Leslie Alan Horvitz


We've all heard the story of Archimedes leaping from his bath. In Eureka Leslie Alan Horvitz tells about similar moments for a dozen scientists and inventors, although I have to say that in fact the book suggests that discoveries are not made via Eureka moments. Those that come closest - Newton's apples and Kekule's snakes catching their own tails - are most likely to be myths. Instead we see the great variety of processes by which these people came to their discoveries. All of the chapters are well written and despite a few quibbles the book is well worth reading - as long as you don't believe the title.

Sometimes there was fair degree of chance, such as Fleming's discovery of penicillin. Likewise Joseph Priestley was apparently was just curious about what would happen if he heated mercuric oxide, and so discovered oxygen. Often however, it was more a case of years of struggle rather that instant insight. Darwin held off publication of the theory of evolution for many years. Wegener didn't have his ideas of continental drift accepted in his lifetime. And Einstein struggled for years with the ideas of General Relativity. The final two chapters describe the DNA story of Watson and Crick and the work of Benoit Mandelbrot on Fractals.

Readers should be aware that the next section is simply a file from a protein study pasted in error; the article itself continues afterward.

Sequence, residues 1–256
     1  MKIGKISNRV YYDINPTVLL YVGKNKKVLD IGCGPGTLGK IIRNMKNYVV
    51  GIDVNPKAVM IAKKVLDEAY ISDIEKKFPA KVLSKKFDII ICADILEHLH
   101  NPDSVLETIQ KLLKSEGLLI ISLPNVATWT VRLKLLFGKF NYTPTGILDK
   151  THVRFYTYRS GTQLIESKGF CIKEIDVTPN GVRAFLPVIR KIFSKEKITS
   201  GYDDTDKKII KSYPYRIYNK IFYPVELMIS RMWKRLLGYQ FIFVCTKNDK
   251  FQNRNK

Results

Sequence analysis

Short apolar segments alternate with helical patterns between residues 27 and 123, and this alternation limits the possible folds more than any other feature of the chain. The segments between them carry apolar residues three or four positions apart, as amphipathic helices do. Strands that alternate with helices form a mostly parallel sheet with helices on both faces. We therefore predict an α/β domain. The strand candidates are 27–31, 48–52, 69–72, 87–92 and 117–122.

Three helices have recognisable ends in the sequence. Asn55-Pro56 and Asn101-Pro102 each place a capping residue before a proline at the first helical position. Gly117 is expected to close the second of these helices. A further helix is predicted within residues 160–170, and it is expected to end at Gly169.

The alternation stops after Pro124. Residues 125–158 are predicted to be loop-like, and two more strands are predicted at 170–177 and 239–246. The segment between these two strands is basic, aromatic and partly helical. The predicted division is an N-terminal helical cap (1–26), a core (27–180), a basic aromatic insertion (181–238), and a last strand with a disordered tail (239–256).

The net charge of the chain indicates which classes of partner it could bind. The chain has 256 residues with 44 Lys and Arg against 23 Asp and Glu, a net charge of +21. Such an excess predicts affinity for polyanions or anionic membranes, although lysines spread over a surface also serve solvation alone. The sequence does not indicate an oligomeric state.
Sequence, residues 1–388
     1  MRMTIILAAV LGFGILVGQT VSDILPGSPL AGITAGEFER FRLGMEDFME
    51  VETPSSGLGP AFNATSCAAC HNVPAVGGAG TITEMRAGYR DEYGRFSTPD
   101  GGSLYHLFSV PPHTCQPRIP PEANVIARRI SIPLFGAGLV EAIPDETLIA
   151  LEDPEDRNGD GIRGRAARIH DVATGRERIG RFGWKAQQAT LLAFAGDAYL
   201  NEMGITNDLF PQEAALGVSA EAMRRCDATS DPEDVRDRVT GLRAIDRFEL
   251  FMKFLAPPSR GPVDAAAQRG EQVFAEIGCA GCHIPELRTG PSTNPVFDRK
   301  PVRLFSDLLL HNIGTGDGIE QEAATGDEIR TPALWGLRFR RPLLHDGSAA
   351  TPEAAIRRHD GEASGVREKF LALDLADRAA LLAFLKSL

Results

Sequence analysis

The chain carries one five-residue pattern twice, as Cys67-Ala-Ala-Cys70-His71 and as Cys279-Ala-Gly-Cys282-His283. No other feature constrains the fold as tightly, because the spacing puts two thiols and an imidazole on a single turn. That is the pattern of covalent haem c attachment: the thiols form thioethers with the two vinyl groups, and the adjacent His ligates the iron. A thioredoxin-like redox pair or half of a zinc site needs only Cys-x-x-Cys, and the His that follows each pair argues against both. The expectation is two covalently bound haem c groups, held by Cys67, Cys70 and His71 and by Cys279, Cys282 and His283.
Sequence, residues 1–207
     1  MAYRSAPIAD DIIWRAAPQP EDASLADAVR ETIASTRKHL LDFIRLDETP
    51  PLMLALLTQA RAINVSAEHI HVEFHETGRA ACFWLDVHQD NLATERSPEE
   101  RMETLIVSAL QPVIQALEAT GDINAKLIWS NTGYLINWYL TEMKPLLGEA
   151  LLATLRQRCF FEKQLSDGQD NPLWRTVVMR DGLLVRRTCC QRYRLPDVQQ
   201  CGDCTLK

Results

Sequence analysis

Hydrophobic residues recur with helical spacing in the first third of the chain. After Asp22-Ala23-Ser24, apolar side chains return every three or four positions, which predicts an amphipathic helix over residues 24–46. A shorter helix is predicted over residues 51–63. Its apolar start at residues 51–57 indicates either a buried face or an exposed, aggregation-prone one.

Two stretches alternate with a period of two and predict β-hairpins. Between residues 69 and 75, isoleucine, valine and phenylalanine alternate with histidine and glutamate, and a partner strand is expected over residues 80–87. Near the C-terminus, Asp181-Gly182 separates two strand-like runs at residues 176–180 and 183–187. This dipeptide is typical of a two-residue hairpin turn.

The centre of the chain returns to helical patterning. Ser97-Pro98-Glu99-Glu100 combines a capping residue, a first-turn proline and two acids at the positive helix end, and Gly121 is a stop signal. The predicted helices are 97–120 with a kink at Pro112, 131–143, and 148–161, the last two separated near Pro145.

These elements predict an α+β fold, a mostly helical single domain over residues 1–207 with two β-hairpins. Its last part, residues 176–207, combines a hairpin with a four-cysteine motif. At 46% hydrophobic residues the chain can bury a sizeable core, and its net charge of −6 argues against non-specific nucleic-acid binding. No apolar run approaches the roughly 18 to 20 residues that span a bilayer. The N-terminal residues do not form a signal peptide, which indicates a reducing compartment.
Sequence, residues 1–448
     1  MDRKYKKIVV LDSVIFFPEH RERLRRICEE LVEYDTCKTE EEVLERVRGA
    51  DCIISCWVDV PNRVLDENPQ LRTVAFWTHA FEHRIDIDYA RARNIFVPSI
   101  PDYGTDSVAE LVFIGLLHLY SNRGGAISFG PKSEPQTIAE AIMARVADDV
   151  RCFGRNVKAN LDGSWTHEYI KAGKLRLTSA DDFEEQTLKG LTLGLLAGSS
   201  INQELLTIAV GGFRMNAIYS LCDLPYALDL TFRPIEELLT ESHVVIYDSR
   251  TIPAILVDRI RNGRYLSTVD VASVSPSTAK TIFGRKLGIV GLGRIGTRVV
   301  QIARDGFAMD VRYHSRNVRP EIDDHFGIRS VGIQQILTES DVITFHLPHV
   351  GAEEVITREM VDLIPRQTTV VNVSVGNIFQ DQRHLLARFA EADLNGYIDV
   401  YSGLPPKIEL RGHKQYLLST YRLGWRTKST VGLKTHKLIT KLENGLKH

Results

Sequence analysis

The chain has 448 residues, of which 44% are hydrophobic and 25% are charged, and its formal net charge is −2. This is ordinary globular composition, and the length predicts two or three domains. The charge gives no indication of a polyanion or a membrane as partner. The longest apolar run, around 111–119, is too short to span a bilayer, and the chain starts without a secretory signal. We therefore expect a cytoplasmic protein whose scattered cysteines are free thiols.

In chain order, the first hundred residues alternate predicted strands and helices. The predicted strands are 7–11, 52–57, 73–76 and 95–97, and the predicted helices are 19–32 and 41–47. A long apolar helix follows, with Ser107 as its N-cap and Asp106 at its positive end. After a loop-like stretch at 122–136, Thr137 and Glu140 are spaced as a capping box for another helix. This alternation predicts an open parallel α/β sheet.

Product Description
The common language of genius: Eureka!
While the roads that lead to breakthrough scientific discovery can be as varied and complex as the human mind, the moment of insight for all scientists is remarkably similar. The word "eureka!", attributed to the ancient Greek mathematician Archimedes, has come to express that universal moment of joy, wonder-and even shock-at discovering something entirely new. In this collection of twelve scientific stories, Leslie Alan Horvitz describes the drama of sudden insight as experienced by a dozen distinct personalities, detailing discoveries both well known and obscure. From Darwin, Einstein, and the team of Watson and Crick to such lesser known luminaries as fractal creator Mandelbrot and periodic table mastermind Dmitri Medellev, Eureka! perfectly illustrates Louis Pasteur's quip that chance favors the prepared mind. The book also describes how amateur scientist Joseph Priestley stumbled onto the existence of oxygen in the eighteenth century and how television pioneer Philo Farnsworth developed his idea for a TV screen while plowing his family's Idaho farm.